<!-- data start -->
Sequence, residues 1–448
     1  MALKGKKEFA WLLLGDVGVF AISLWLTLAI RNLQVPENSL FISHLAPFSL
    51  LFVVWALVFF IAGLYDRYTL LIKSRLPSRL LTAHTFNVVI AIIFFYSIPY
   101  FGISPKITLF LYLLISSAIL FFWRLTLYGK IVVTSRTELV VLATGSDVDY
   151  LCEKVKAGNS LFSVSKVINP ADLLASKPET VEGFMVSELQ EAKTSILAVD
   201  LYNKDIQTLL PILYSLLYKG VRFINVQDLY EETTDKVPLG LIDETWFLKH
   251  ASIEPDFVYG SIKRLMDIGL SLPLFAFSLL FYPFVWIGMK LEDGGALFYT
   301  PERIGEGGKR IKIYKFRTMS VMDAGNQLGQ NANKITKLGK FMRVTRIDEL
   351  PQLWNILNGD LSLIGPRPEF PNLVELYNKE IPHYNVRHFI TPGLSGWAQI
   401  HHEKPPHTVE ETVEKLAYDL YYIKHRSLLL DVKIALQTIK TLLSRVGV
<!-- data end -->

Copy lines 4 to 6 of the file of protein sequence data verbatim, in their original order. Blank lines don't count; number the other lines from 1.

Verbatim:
   101  FGISPKITLF LYLLISSAIL FFWRLTLYGK IVVTSRTELV VLATGSDVDY
   151  LCEKVKAGNS LFSVSKVINP ADLLASKPET VEGFMVSELQ EAKTSILAVD
   201  LYNKDIQTLL PILYSLLYKG VRFINVQDLY EETTDKVPLG LIDETWFLKH